How to Read Circuit Diagrams

May 23, 2024


Circuit diagrams are important tools in the field of electronics, providing a visual representation of circuits. These diagrams are crucial for designing, troubleshooting, and understanding how electronic components are interconnected. Whether you are a beginner or an experienced engineer, mastering the skill of reading circuit diagrams is the foundation for successfully engaging in electronic work. In this guide, we will explore the basics of circuit diagrams, common symbols, and how to effectively interpret them.



What is a circuit diagram?

A circuit diagram, also known as a schematic, is a graphical representation of a circuit. It uses standardized symbols to represent components and displays their connection methods through lines representing wires. Circuit diagrams are used to design and document electrical systems and have significant value in both educational and professional environments.



Basic components and symbols

To read circuit diagrams, you need to be familiar with common symbols used to represent various electronic components. Here are some of the most commonly used symbols:


1. Resistor

  • Symbol: A zigzag line (USA) or a rectangle (IEC).
  • Function: Restrict the current flow in the circuit.


2. Capacitors

  • Symbol: Two parallel lines (one straight and one curved for polarizing capacitors).
  • Function: Store and release electrical energy.


3. Inductor

  • Symbol: A series of rings or a curled line.
  • Function: Store energy in the magnetic field when current passes through.


4. Diode

  • Symbol: A triangle pointing towards a line (indicating the direction of current flow).
  • Function: Only allows unidirectional current flow.


5. Transistor

  • Symbol: Three terminals are marked as base (B), collector (C), and emitter (E) for BJT; The gate (G), drain (D), and source (S) are used for FET.
  • Function: Amplify or switch electronic signals.


6. Integrated Circuit (IC)

  • Symbol: A rectangle with pin numbers or markings.
  • Function: Execute multiple functions based on internal circuits.


7. Switch

  • Symbol: An interrupt in a line that can be connected or disconnected.
  • Function: Control the current flow by opening or closing the circuit.


8. Power Source

  • Symbol: A long and short line (battery) or a circle with positive (+) and negative (-) symbols.
  • Function: Provide necessary voltage and current for the circuit.


Understanding connections and layouts

1. Wires and connections

  • The lines represent the wires connecting the components.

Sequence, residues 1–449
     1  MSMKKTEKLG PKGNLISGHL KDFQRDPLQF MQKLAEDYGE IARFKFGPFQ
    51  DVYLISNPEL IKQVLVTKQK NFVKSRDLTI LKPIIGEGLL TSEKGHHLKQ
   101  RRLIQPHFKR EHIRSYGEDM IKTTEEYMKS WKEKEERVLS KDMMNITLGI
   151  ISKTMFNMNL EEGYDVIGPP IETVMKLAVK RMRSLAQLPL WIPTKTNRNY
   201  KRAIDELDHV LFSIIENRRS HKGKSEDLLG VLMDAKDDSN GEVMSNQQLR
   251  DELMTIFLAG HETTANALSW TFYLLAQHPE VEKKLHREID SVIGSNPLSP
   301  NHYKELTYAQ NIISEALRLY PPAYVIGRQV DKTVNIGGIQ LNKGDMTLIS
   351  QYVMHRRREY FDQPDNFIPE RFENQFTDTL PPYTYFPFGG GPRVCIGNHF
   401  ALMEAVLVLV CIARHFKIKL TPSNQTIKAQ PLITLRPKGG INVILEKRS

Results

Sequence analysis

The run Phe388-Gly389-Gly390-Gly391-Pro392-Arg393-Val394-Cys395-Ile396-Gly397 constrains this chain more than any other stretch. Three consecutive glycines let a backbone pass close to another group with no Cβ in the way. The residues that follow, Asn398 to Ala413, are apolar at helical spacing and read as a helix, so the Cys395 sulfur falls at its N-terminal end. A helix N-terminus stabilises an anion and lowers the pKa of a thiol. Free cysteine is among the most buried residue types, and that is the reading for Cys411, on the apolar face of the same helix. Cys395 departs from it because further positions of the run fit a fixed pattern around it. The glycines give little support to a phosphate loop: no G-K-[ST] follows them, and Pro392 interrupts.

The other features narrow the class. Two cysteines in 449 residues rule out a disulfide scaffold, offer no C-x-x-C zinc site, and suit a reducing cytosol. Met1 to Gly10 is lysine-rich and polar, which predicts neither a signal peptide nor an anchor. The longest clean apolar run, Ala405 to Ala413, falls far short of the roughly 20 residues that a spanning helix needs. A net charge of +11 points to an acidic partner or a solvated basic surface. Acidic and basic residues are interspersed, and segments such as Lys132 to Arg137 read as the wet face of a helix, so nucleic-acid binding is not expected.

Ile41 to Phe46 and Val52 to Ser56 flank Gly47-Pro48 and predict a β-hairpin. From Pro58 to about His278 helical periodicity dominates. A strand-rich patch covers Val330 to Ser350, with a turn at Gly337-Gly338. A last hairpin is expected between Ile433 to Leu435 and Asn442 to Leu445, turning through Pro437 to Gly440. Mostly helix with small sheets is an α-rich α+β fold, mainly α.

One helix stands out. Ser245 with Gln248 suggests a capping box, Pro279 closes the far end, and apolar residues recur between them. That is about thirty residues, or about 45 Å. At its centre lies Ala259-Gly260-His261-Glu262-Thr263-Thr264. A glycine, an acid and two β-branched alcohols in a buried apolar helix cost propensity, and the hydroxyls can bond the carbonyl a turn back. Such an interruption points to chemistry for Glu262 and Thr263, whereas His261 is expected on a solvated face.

• There is a point at the intersection of two lines indicating a connection.
  • Lines without dots crossing indicate that the wires are not connected.


2. Series and parallel circuits

  • Series connection: The components are connected end-to-end, and current flows through each component.
  • Parallel connection: Components are connected in parallel at the same two points, with the same voltage on each component.


3. Grounding and power symbols

  • Grounding: Refers to a line with three horizontal lines below.
  • Power supply: represented as a positive (+) and negative (-) sign or a line with two parallel lines.


Reading Circuit Diagrams Step-by-Step

1. Identifying components

Firstly, identify all symbols used in the diagram. If there is a component list, please refer to that list.


2. Understanding current flow

Determine the current flow through various components from the power supply. Pay attention to the direction of the diode and the direction of the polarizing capacitor.


3. Analyze sub circuits

Decompose complex graphs into smaller sub circuits. Understand each part separately and then see how they interconnect.


4. Tracking signal path

Track the signal path from input to output. This is particularly important in amplifiers and signal processing circuits.


5. Finding Key Points

Identify key points such as voltage dividers, feedback loops, and grounding points.


Practical skills for beginners

1. Start Simple

Start with simple circuits such as LED scintillators or basic amplifiers. Gradually shift towards more complex graphs.


2. Using reference materials

Keep the symbol reference guide at hand. Online resources and textbooks are very helpful.


3. Regular practice

Regular practice is essential. Attempt to redraw the circuit diagram to enhance understanding.


4. Simulate Circuitsa

Use circuit simulation software to test and understand the working principle of the circuit. Tools such as LTspice, Multisim, or online emulators are very suitable.


Interlinking and Resources

For more in-depth information on electronic components and circuits, you can explore these pages on our DRex Electronics blog:


External Resources

For additional learning, you might find these external resources helpful:



Reading circuit diagrams is a fundamental skill in electronics that enables you to effectively design, troubleshoot, and understand electronic circuits. By becoming familiar with common symbols, understanding circuit layouts, and regularly practicing, you can master this important skill. Whether you aspire to become an engineer or an electronics enthusiast, mastering the ability to read circuit diagrams will enhance your ability to innovate and handle complex electronic systems. To learn more about electronic components and their applications, please visit our DRex Electronics website.